So I appreciate any and all input. I know adequan and legend work great together, I have had great results with it before. But as I said the loading dose of it is murder on a tight budget.

    She lives outside in the summer unless there is a bad storm. She gets turned out a minimum of an hour a day in the winter(an hour being storm days when there is no outdoor turn out so its arena turn out as stalls are done) but is usually out from 8am - 5pm when its not storming or sheer ice in the paddocks. She gets worked 5 days a week, we don't jump at all in the winter so its flat work or lunging. She is on a carefully worked out diet and snuggled up in warm blankets and a quarter sheet when riding with proper slow warm up and cool out.

    Its time to sit down with my vet, farrier and coach and see what we can come up with.

    I am still very open to everyone elses opinions and suggestions please. I want to make sure I have explored all options.
         
        12-11-2012, 10:18 PM
      #15
    Trained
    Good luck to you! Sounds like your a great horse owner and preparing BEFORE the worst happens. Good plan.

    Let us know what you decide and keep track of your results! Im constantly searching for anything to help my mare.
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        12-11-2012, 10:26 PM
      #16
    Started
    Quote:
    Originally Posted by CLaPorte432    
    Good luck to you! Sounds like your a great horse owner and preparing BEFORE the worst happens. Good plan.

    Let us know what you decide and keep track of your results! Im constantly searching for anything to help my mare.
    Posted via Mobile Device
    Thank you It sounds silly to say when you are an adult but this horse is my best friend. She has been there for me for 15 years now. The least I can do is continue to make sure she has the best care. Every single one of my animals right down to my rabbit get the best I can give them.

    People are always shocked when they hear how old she is lol, i've had to pull out her passport and papers to prove it more then once. She is a spry snarly mare with serious attitude problems. And I love her for it
         
        12-12-2012, 09:28 AM
      #17
    Super Moderator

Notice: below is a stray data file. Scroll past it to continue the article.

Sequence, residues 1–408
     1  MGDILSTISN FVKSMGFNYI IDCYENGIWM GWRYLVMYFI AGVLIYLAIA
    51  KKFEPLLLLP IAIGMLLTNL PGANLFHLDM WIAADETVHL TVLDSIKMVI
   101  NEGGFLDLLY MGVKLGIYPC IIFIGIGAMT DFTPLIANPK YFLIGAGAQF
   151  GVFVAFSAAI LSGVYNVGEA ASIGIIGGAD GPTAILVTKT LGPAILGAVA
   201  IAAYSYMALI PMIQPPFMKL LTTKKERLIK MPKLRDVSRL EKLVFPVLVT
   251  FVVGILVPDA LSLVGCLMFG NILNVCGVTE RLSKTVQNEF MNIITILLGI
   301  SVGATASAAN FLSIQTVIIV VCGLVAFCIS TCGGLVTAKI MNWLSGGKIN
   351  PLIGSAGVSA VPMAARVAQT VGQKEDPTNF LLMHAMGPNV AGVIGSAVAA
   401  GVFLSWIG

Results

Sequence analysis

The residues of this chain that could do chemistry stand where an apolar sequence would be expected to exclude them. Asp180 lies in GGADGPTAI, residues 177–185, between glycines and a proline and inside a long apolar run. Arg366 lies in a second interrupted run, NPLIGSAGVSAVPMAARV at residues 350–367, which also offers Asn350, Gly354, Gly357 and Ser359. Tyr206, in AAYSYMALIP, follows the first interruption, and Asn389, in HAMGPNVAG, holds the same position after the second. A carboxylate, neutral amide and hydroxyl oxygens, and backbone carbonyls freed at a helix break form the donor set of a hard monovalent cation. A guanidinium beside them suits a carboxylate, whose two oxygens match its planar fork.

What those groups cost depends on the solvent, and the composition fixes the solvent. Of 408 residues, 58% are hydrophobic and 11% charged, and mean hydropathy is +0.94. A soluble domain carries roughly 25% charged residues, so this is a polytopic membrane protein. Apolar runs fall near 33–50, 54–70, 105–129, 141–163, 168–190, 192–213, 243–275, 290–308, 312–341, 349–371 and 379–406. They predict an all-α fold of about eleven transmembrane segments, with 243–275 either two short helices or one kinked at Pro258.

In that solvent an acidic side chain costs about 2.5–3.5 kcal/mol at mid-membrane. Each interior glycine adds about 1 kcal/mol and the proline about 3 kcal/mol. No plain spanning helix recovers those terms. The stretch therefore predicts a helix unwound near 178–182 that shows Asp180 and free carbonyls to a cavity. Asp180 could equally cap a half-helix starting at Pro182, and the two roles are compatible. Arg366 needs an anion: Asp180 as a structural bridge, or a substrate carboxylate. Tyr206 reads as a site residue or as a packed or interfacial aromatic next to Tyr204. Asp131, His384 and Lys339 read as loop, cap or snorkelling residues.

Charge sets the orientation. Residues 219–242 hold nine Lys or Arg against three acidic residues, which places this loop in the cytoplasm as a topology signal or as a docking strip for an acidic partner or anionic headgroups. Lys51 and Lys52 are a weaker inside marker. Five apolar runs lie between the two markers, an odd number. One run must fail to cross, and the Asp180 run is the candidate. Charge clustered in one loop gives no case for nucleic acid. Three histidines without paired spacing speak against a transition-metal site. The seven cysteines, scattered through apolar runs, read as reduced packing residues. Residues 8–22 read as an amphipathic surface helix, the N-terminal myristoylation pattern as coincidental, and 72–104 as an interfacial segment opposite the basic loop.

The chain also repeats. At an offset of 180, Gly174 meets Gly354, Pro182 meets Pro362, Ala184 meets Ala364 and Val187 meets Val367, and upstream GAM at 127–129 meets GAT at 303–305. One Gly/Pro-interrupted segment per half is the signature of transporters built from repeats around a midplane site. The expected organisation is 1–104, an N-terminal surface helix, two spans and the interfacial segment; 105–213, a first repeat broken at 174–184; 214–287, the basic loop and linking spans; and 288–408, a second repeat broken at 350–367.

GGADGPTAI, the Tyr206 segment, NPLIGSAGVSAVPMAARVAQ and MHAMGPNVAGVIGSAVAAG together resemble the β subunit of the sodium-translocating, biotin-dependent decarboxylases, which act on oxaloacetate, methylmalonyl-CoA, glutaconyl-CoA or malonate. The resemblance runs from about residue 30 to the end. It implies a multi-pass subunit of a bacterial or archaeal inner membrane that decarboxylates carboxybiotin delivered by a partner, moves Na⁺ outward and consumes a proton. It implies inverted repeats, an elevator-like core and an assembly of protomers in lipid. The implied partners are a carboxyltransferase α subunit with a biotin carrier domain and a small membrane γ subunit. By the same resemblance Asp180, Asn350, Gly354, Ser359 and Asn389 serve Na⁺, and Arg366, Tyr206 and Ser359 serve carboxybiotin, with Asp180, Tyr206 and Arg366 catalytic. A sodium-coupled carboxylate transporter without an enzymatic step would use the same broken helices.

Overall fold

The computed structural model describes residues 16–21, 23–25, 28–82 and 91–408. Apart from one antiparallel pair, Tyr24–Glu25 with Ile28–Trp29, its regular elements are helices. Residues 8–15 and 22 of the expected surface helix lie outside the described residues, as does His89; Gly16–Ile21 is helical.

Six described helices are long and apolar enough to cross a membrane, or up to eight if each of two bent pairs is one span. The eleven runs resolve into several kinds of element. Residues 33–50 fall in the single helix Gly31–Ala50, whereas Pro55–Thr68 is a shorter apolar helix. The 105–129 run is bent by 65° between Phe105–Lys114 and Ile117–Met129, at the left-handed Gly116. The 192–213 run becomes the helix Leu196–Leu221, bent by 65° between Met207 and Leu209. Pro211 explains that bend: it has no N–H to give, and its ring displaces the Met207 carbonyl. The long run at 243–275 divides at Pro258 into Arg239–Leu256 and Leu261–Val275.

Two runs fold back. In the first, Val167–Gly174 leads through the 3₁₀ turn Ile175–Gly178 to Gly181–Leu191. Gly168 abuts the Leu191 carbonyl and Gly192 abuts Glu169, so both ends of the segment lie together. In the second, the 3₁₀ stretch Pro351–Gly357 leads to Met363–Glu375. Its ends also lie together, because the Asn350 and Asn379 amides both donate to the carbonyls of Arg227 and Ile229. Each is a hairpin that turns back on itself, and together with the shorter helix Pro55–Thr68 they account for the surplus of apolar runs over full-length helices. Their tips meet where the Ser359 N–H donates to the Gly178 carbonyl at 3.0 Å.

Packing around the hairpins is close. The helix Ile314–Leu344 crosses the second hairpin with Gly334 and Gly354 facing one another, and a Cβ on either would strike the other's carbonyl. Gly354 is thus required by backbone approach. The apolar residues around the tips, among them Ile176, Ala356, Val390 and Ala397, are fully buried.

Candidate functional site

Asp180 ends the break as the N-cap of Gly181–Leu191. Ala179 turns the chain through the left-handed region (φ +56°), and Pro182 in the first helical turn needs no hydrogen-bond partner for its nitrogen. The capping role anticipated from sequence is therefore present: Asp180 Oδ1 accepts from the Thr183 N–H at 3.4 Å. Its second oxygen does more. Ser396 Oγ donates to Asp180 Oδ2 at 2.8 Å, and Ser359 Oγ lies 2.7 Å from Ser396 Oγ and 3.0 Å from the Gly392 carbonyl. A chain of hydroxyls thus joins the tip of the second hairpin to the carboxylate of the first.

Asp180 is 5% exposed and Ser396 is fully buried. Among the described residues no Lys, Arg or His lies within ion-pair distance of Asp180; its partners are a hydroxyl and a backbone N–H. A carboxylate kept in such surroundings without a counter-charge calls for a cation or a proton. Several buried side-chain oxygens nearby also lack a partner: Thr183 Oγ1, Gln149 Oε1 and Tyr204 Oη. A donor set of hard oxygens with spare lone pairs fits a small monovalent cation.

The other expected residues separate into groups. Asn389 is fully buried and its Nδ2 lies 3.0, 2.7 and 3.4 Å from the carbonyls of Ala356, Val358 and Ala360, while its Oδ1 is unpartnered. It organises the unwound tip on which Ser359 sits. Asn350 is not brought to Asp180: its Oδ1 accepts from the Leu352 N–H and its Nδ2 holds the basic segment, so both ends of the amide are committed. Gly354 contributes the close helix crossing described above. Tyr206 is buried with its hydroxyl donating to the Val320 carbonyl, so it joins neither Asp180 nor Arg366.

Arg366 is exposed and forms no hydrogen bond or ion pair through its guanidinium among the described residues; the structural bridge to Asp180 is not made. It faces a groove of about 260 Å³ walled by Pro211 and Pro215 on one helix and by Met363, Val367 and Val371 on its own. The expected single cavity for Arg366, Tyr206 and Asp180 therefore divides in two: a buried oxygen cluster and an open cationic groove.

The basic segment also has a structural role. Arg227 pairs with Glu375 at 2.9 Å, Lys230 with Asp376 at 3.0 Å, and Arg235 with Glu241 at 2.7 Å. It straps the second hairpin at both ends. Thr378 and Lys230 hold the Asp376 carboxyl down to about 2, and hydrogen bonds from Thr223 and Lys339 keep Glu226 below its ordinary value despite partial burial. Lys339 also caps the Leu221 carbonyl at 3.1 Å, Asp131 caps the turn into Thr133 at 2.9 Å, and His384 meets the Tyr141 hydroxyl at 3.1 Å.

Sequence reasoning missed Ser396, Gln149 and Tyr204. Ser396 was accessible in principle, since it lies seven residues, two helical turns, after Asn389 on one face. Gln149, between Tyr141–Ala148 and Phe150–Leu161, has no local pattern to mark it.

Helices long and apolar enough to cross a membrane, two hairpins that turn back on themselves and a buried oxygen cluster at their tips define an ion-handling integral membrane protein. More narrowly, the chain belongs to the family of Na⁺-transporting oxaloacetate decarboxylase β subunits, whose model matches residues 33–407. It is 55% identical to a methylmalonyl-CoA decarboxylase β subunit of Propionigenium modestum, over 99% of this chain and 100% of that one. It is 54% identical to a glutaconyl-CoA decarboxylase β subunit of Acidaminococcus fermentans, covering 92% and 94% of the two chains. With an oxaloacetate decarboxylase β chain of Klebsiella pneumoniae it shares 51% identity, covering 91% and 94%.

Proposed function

Quote:
    Originally Posted by ~*~anebel~*~    
    Have a serious conversation with your vet about management of arthritis instead of starting the horse on an ineffective feed through supplement.
    While MSM can be beneficial, any glucosamine, PSGAGs, etc. in a feed through formula are not absorbed by the horse's digestive system. You may as well shred up money and put it in her feed. As well most glucosamine is manufactured with use of shark fin cartilage and is one of the leading causes of the world wide decline of sharks.

    I have not used Pentosan, but would be interested in the results. There is also a generic IM glucosamine available which is quite reasonably priced. However I've always had the best results with a combination of Adequan and Legend. As well increasing the horse's turnout time, having the horse very well conditioned with a good warm up and cool down session, and a consistent work schedule of a light-moderate ride every day or twice a day and keeping the horse lighter in weight (ie not over a 5 in body score) will help manage the arthritis better than any drug.

    Good luck!
    These are very valid comments as management of the horse is as big a part in dealing with arthritis as medications
    Clinical trials on MSM have never found enough evidence to support its use as an arthritic drug but some parts of Europe have accepted Glucosamine & chondroitin into the medical drug league - the US hasnt approved it.
    I'm pretty sure its chondroitin that's sourced from shark fins though and not glucosamine.
    I am someone who is very sceptical about all herbal etc type supplements. If they were clinically proven to be really effective then the big pharma companies would pick them up.